My name is Ava Rome. I protect the defenseless.
Protecting the defenseless was once the law of the nation of Hawaii before annexation. Kamehameha The Great’s first law, the law of the splintered paddle, is still ingrained in the spirit of the islands and her people. It’s on my business card, right below “Licensed Private Investigator:” The defenseless shall be guaranteed protection from harm.
I despise the betrayal of trust by those who wear a badge. I spent ten years of my life in the military police, tracking down deserters and other people who disgrace their uniforms.
I’ve been an investigator in both the Army and civilian life long enough to know you can’t judge adulterers by their public images.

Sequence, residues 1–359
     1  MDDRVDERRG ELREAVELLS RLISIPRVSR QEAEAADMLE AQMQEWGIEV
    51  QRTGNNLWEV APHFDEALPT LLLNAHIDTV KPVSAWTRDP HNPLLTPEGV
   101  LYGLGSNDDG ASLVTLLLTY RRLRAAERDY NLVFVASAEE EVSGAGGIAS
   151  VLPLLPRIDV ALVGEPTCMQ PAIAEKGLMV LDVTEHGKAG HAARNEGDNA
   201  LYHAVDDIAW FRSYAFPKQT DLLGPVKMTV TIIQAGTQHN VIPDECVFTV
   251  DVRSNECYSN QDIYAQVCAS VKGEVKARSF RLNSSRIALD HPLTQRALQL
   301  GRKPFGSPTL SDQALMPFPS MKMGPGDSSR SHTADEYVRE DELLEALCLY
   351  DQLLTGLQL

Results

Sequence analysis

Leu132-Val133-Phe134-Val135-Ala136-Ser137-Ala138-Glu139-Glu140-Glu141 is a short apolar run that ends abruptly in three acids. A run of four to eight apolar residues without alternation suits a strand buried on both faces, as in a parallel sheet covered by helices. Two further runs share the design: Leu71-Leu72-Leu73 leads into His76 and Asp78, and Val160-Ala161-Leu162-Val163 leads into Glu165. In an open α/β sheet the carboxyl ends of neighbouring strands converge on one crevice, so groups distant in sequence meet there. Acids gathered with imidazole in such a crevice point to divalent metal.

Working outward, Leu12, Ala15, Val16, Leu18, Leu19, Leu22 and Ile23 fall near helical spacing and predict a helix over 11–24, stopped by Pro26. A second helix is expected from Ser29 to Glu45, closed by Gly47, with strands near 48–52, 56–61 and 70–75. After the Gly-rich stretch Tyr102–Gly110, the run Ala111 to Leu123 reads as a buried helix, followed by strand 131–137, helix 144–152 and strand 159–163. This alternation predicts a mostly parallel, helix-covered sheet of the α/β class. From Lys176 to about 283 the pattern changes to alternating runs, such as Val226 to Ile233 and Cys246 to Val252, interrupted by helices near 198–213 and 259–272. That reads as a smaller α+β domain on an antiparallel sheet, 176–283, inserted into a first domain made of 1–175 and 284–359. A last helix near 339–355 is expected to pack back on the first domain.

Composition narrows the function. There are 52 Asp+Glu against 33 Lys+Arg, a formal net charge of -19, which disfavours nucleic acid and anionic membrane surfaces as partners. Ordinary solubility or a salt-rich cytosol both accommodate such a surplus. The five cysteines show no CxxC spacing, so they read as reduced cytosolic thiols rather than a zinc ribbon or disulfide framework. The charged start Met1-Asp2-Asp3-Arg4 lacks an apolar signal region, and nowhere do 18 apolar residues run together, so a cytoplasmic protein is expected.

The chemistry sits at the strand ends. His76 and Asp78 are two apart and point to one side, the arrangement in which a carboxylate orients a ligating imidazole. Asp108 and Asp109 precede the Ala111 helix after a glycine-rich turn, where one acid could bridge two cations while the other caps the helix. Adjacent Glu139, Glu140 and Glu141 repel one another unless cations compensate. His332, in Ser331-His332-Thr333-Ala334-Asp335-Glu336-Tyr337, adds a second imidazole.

My Book, The Movie
I think every author dreams about seeing his or her characters come to life on the big screen. All of us have images in our heads of what our characters look like, sound like, and act like. It’s a part of writing, because, at its essence, writing fiction is a visual process. The story and characters are formed as images in our heads—images which we try to transfer to the reader’s head through the writing.
I confess to having those dreams. Often when watching television or a movie I find myself wondering if that actor or actress could fit in my stories. I know the chances are low that Hollywood will be calling about The Splintered Paddle, but it is still fun to imagine how it might be and who might play the parts. Marshall Zeringue gave me the chance to try out my fantasies in just that way in the My Book, The Movie section of his Campaign For the American Reader. You can read my dreamcast of The Splintered Paddle here and tell me if you agree.